In the recent past, Indian companies, including promoter-driven companies, have increasingly focussed on implementing robust corporate governance frameworks. To my mind, this change is a result of increased regulatory scrutiny as well as corporates voluntarily opting in for such measures acknowledging their long-term value. As the Chief Compliance Officer, I conduct sessions on the Cleantech Solar Business Integrity Program for our employees and such sessions help address any doubts and questions which are deliberated upon in an open forum. Also, we have set up an Ethics Helpline where anyone can anonymously report a violation of the Cleantech Solar Business Integrity Program. Such measures help build confidence in the business and are valued by internal stakeholders and clients.
Over time we would need to assess the implementation of such measures to ensure that they continue to remain meaningful and serve the purpose for which they are introduced. This is also true to the various regulatory changes which are being introduced to address gaps in corporate governance, there would need to be a check on the effectiveness of such changes and the ability to pivot if required.
Are companies doing enough in terms of women-friendly initiatives and flexi policies to encourage women in leadership roles?
Before we speak about women in leadership roles, we need to address the fact that, across the world, during COVID women dropped out of the workforce in record numbers. This trend continues in India and it is estimated that 19.2% of women dropped out of the paid workforce in India in 2021. A Business Line news article quoted an IMF blog by Christine Lagarde and Jonathan D Ostry in which they estimated that closing the gender gap for countries ranking in the lower half in gender inequality could increase GDP by an average of 35%. Hence, this issue needs urgent attention as there is a massive loss of talent pool. While there are deep rooted reasons for such developments, including the perceived role of women in society, corporates need to explore providing options to ensure it remains an attractive option for a wider employee pool. As a start, flexi work hours and work-from-home options are alternatives which have already been tested during the pandemic and can be easily implemented.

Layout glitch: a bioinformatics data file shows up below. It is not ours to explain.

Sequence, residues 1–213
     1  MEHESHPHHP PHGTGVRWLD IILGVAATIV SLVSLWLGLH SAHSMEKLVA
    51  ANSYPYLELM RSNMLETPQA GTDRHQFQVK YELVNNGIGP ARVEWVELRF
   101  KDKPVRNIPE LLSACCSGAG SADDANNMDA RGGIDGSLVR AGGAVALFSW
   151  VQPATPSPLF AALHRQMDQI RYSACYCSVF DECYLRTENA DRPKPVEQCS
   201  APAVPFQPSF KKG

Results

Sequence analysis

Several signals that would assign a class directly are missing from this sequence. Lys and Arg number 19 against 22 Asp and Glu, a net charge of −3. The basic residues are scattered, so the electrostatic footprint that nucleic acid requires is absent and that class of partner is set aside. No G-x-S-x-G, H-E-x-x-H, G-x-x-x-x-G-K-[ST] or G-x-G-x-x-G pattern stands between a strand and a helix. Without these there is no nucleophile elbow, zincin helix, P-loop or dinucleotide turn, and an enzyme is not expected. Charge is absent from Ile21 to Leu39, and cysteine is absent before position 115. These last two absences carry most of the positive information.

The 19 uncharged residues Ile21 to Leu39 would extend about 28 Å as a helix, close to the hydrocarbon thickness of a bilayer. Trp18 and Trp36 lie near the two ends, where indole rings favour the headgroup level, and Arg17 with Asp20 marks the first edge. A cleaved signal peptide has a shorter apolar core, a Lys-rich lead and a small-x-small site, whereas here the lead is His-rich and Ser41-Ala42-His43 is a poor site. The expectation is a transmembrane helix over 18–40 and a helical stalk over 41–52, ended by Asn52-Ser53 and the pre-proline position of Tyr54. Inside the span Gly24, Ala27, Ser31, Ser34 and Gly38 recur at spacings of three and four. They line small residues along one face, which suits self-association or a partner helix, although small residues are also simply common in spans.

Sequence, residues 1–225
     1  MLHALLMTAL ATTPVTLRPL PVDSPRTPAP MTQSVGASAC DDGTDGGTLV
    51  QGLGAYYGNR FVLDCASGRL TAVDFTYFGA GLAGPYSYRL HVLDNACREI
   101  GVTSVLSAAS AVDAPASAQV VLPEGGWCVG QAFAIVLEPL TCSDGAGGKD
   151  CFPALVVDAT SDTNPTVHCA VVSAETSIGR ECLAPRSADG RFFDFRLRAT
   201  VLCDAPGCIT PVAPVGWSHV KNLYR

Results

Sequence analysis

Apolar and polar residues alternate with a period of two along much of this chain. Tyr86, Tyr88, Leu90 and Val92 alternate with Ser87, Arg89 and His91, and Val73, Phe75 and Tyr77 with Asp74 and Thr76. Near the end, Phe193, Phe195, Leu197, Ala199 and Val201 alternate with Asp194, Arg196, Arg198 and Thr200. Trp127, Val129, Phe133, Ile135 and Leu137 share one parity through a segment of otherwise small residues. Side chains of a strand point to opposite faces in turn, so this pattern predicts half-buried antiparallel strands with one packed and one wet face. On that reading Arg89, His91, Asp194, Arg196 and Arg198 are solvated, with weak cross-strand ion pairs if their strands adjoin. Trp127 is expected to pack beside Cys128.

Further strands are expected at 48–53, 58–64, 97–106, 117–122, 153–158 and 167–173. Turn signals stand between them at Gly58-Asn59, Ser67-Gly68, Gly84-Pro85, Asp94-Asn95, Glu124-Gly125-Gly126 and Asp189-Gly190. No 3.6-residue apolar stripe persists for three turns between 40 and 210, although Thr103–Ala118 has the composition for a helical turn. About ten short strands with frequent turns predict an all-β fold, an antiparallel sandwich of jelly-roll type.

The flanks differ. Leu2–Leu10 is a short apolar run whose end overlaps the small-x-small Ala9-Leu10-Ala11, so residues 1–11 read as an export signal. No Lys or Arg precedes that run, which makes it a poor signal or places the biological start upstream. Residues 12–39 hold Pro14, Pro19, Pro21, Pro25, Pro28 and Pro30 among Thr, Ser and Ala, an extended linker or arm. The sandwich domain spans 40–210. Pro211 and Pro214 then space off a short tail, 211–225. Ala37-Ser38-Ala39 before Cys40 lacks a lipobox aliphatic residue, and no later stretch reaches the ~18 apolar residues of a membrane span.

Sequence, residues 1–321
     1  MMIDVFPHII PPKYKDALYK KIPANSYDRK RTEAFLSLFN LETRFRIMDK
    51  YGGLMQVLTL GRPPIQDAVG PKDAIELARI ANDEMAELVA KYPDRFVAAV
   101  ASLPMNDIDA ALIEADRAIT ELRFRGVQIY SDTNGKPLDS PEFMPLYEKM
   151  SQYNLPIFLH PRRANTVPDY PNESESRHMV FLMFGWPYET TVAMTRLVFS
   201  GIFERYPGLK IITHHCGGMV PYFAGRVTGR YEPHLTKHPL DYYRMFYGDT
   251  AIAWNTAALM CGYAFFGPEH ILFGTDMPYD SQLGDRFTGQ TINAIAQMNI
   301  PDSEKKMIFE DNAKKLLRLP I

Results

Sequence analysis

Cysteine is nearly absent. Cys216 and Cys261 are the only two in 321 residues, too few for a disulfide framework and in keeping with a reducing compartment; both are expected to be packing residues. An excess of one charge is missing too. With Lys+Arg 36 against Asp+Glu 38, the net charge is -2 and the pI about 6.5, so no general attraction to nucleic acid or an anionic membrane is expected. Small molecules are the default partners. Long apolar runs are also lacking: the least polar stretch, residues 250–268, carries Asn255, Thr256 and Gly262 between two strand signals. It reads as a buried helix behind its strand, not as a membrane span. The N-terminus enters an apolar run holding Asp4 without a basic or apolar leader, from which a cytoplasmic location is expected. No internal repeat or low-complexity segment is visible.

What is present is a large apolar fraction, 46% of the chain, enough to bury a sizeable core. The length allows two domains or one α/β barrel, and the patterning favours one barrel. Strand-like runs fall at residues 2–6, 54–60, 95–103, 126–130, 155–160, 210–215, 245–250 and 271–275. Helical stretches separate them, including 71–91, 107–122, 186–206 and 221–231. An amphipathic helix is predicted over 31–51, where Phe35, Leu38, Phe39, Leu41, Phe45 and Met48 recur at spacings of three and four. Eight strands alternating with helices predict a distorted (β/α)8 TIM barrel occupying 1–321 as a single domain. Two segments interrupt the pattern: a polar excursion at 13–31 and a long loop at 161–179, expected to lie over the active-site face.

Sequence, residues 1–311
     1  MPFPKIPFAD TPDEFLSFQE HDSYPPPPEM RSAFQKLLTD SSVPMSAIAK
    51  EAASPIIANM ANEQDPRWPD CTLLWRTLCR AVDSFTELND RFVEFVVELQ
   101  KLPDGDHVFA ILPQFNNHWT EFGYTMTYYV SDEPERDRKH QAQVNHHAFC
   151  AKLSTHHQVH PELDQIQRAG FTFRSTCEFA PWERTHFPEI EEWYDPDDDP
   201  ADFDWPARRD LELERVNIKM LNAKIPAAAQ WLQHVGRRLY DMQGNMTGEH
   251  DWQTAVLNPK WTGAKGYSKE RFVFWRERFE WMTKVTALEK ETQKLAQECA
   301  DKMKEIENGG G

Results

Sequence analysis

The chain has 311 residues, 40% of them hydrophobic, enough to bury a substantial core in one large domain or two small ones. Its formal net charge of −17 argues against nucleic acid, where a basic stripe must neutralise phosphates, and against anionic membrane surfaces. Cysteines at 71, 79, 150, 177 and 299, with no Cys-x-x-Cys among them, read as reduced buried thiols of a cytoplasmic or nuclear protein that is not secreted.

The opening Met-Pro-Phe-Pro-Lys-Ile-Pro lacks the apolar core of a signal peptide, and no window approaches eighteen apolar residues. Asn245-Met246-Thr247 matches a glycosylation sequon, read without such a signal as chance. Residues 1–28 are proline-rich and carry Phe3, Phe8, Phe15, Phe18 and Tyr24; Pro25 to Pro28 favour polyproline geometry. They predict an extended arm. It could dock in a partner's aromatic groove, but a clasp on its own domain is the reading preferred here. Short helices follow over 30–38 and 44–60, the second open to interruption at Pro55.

This takes me to women in leadership roles, I think that one of most important aspects of ensuring women get to leadership roles is to train and mentor them for such roles. Flexi policies will help but to me it is more important to encourage their ambition and provide them with the tools where they can thrive and ignore the noise. Generally, I do believe that if an employee is able to establish themselves as efficient, competent and with leadership qualities in an organisation, they will be given the opportunity to grow.
I have had several women colleagues and friends who have mentored me through different phases of my career and I will be forever grateful for their guidance and trust in me.
Tell us about your life outside work. Any books or movies you would like to recommend to our readers?
Outside work, I like spending time with my family, which includes an adorable indie dog. I recently watched the Elephant Whisperers on Netflix and absolutely loved it. It shows that humans and animals can build beautiful bonds. A book I would recommend is Virginia Woolf’s - A Room of One’s Own.
What advice would you give to aspiring and young lawyers who are striving to make a successful career in the legal profession?
Learn something new every day!